Right after Innertkirchen it is joined by the Gamderwasser. Less than 1 kilometre the river carves through a limestone ridge in the Aare Gorge, it is here that the Aare proves itself to be more than just a river, as it attracts thousands of tourists annually to the causeways through the gorge. A little past Meiringen, near Brienz, the river expands into Lake Brienz. Near the west end of the lake it indirectly receives its first important tributary, the Lütschine, by the Lake of Brienz, it runs across the swampy plain of the Bödeli between Interlaken and Unterseen before flowing into Lake Thun. Near the west end of Lake Thun, the river indirectly receives the waters of the Kander, which has just been joined by the Simme, by the Lake of Thun. Lake Thun marks the head of navigation. On flowing out of the lake it passes through Thun, flows through the city of Bern, passing beneath eighteen bridges and around the steeply-flanked peninsula on which the Old City of Berne is located; the river soon changes its northwesterly flow for a due westerly direction, but after receiving the Saane or La Sarine it turns north until it nears Aarberg.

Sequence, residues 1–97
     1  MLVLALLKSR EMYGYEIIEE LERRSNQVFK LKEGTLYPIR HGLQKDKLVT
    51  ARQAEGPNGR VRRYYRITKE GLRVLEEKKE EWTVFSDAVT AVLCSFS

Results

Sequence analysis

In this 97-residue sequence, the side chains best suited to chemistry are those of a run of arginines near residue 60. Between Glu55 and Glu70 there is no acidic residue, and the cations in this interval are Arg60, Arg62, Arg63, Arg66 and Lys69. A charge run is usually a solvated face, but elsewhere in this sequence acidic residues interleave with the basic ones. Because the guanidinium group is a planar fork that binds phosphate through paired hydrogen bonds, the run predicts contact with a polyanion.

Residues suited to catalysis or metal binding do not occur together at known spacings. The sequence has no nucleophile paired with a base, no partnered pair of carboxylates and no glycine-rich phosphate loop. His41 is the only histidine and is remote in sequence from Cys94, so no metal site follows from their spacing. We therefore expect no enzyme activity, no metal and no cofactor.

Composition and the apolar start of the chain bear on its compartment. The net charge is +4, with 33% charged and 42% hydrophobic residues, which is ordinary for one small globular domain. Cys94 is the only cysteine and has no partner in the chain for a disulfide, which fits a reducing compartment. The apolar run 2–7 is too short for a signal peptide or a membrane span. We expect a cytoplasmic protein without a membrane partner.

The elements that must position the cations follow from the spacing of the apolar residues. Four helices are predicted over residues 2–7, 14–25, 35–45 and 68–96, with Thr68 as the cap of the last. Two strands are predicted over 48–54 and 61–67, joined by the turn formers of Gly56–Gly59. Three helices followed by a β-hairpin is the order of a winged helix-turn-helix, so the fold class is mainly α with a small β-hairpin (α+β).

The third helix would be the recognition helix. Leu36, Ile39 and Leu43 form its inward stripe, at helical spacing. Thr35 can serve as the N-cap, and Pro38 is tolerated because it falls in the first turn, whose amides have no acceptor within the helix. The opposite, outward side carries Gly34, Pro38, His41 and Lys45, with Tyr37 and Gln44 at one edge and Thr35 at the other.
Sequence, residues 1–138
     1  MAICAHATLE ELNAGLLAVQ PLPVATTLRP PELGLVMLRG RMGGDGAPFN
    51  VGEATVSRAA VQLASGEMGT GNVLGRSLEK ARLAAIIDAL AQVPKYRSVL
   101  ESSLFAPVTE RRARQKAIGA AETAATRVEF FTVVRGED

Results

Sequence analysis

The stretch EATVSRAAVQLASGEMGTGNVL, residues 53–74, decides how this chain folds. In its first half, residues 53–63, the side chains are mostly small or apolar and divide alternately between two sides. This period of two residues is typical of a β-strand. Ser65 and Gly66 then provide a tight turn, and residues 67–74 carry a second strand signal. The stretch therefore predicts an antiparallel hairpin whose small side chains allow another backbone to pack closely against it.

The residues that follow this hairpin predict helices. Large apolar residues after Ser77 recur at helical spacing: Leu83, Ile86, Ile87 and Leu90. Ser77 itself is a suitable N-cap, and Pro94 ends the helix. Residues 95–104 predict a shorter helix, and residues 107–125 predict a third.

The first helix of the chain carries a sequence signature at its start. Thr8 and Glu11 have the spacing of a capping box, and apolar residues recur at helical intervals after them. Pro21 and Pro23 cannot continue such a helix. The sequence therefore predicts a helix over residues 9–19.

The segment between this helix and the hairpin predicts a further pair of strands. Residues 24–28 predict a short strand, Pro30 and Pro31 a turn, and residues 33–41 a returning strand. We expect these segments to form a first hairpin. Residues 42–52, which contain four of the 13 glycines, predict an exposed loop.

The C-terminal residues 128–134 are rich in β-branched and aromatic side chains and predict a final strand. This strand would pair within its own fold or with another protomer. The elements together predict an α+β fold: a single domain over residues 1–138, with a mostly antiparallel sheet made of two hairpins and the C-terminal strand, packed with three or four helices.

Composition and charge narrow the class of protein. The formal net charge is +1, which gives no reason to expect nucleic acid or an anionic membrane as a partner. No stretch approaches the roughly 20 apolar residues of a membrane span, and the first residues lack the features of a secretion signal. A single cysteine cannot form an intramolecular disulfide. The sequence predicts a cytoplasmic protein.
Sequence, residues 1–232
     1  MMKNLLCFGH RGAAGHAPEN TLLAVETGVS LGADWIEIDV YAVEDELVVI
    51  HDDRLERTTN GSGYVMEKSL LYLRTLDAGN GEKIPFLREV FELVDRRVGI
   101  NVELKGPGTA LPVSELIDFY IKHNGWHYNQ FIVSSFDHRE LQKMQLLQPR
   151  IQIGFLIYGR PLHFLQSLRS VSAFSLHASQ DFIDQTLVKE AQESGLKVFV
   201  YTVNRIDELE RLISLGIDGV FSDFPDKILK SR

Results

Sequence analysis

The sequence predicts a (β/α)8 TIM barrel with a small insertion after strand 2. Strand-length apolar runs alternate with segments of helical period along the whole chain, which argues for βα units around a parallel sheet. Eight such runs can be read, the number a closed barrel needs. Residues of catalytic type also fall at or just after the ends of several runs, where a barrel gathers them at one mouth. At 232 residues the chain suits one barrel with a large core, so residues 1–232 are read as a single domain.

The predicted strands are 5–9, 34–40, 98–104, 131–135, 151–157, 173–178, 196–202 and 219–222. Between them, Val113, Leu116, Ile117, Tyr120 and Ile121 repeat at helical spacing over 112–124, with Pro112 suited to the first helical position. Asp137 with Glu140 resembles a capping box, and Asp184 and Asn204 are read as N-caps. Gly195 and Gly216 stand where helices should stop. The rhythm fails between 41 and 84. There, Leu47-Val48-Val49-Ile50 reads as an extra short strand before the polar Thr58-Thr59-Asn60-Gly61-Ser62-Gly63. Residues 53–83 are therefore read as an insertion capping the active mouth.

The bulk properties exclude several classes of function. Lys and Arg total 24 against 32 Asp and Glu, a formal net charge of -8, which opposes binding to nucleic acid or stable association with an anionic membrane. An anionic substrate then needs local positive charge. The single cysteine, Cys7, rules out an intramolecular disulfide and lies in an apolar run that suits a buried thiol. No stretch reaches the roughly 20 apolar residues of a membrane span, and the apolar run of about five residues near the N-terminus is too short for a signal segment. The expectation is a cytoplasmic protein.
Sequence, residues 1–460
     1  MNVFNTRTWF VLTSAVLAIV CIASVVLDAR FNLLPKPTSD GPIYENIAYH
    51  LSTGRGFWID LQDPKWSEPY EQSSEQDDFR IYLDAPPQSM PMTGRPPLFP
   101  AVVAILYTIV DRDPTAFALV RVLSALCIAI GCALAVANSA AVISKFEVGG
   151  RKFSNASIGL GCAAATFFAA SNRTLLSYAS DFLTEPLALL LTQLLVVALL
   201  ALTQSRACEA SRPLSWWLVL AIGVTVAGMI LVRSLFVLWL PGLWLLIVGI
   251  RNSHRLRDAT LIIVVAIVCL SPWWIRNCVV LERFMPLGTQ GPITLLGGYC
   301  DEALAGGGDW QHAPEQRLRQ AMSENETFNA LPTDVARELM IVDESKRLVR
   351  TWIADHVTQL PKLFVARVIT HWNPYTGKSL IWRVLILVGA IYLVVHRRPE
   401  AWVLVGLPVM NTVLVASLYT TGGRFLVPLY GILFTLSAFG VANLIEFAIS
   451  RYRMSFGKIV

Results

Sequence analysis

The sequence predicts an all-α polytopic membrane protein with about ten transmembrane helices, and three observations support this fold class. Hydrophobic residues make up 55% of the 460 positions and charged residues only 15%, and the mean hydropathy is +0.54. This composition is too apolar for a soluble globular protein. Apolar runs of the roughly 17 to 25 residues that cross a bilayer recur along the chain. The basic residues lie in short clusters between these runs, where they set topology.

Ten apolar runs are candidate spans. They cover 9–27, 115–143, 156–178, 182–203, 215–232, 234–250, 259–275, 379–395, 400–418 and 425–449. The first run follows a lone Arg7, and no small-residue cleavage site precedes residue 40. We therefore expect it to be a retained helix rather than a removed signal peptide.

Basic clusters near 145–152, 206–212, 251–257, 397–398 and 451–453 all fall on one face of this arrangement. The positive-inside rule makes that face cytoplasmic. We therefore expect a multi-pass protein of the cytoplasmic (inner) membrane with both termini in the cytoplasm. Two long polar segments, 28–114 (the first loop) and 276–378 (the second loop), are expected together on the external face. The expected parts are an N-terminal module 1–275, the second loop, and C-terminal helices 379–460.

There, in one of the major Swiss engineering feats of the 19th century, the Jura water correction, the river, which had rendered the countryside north of Bern a swampland through frequent flooding, was diverted by the Aare-Hagneck Canal into the Lac de Bienne. From the upper end of the lake, at Nidau, the river issues through the Nidau-Büren Canal called the Aare Canal, runs east to Büren; the lake absorbs huge amounts of eroded gravel and snowmelt that the river brings from the Alps, the former swamps have become fruitful plains: they are known as the "vegetable garden of Switzerland". From here the Aare flows northeast for a long distance, past the ambassador town Solothurn, Olten, near, the junction with the Suhre, Wildegg, where the Seetal Aabach falls in on the right. A short distance further, below Brugg it receives first the Reuss, its major tributary, shortly afterwards the Limmat, its second strongest tributary, it now turns to north, soon becomes itself a tributary of the Rhine, which it surpasses in volume when the two rivers unite downstream from Koblenz, opposite Waldshut in Germany.